The first real movie I ever saw was Beetlejuice. I was five years old and visiting my father at the electronics store where he worked. While he dealt with customers, I sat on the carpeted floor of the showroom and stared up at the big screen for sale. I had never seen anything like Beetlejuice before. Honestly, I don’t even think I had ever seen a movie that wasn’t Big Rock Candy Mountain (by the way, who else remembers that gem?) or some Disney flick. I couldn’t be torn away from the screen. I was immediately taken by the whole feel of it. The dark humor—looking back, most of which went over my head—the way the house looked, Alec Baldwin’s miniatures. Everything was fabulous.
Then Lydia came on the screen, and all I wanted to do was be her friend. Since that first viewing, I’ve seen Beetlejuice at least 100 times, and each time I learned a little more about my “womanhood” through Lydia. During my early childhood, she represented something different. I spent my elementary school years in an all-girls Jewish school where fitting in meant conformity. But Lydia showed me that girls didn’t have to be overtly feminine or dressed up in flowers. Contrary to the pile of Disney VHS tapes in the corner of my bedroom, Lydia showed me that the guy who comes to sweep you off your feet isn’t always a prince, but it doesn’t matter because you don’t need one anyway.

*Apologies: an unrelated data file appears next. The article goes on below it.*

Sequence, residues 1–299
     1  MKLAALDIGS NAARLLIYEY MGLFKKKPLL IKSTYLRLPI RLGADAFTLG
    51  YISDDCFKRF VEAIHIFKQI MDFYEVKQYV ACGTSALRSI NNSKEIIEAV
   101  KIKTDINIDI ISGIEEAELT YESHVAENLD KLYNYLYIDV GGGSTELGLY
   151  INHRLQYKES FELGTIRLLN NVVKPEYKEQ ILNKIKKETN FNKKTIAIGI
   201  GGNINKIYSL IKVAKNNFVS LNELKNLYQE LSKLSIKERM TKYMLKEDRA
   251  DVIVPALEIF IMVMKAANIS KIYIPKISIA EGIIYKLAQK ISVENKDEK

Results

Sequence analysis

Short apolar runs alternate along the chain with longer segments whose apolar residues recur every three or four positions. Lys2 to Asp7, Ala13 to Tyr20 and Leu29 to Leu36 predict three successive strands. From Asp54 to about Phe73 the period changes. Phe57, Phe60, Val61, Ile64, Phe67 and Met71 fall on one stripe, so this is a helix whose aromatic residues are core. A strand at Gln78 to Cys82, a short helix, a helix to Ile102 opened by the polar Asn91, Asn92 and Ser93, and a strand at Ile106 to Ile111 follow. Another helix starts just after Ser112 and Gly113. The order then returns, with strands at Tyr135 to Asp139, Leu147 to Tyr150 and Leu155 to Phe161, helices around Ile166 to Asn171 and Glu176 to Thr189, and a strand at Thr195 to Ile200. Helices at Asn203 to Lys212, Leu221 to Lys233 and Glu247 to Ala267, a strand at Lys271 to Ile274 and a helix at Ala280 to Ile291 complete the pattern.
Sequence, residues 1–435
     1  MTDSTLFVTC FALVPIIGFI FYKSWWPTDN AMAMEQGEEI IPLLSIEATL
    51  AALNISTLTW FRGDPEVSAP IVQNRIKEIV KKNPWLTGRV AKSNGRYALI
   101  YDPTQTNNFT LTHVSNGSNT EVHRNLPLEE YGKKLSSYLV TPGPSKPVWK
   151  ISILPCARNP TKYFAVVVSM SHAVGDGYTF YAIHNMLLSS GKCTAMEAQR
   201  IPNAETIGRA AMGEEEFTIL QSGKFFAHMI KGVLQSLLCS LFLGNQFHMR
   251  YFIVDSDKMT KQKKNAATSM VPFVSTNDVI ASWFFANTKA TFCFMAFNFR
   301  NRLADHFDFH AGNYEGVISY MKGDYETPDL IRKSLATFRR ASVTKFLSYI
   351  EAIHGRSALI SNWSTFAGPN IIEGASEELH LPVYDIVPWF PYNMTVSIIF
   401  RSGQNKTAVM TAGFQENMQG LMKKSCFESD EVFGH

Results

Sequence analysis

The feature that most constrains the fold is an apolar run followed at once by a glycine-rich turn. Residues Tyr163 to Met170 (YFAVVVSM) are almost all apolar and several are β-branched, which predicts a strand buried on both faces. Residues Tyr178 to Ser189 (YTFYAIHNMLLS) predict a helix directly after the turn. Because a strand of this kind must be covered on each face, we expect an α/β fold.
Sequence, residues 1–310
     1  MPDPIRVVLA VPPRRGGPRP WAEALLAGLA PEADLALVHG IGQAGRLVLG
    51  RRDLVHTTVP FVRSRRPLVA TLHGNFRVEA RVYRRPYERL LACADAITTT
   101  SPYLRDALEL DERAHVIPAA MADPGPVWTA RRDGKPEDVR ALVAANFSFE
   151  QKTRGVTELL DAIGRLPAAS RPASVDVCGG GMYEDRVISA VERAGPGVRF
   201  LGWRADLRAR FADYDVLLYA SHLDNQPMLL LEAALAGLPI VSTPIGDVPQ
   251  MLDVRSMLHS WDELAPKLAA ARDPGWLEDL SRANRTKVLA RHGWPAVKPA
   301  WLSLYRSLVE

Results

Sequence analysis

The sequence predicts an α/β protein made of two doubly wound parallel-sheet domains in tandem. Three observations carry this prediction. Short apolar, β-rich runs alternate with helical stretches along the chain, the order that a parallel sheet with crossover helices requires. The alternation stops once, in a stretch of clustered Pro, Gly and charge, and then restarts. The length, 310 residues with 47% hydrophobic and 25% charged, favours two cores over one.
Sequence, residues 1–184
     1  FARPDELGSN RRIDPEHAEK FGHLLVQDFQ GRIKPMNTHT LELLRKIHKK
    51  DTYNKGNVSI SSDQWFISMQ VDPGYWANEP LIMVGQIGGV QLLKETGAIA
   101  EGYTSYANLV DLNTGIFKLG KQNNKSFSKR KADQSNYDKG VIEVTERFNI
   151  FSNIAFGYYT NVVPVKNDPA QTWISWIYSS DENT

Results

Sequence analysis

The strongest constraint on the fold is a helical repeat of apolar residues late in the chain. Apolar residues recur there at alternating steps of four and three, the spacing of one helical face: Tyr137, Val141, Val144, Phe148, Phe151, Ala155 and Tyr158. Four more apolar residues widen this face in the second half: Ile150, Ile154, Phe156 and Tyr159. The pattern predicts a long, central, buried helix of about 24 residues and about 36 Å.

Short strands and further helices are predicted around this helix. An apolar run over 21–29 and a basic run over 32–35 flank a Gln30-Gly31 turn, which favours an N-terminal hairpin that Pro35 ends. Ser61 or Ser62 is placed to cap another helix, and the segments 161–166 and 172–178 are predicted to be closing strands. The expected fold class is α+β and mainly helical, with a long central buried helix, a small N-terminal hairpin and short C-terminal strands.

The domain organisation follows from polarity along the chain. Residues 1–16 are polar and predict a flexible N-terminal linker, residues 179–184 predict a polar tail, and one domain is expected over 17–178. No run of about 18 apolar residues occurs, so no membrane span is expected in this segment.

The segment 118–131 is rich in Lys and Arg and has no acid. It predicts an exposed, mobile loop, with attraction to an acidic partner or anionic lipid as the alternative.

Lydia is where it all started for me, but then came films like Matilda that taught me it’s important for little girls to have access to an education, and one of the sharpest tools we have is knowledge. There was also Reggie from Rocket Power, who made me feel okay about wanting to run around with the boys, or ditching my skirts and Mary Janes for red pants that made the most annoying swooshing sound and an array of sneakers. Pepper Ann taught me the same and let me know that there’s more than one way to be a girl and still fit in, if that’s your thing, whereas The Craft taught me that I didn’t have to, it was okay to standout.
Together, these characters not only shaped me as a person, but really shaped how I view feminism—which is that being a woman doesn’t have look any certain way.
Now that I’ve shared with you, let me know the bits of entertainment you grew up with that shaped your view of feminism or taught you a lesson about following your truth!
(image: Warner Bros)
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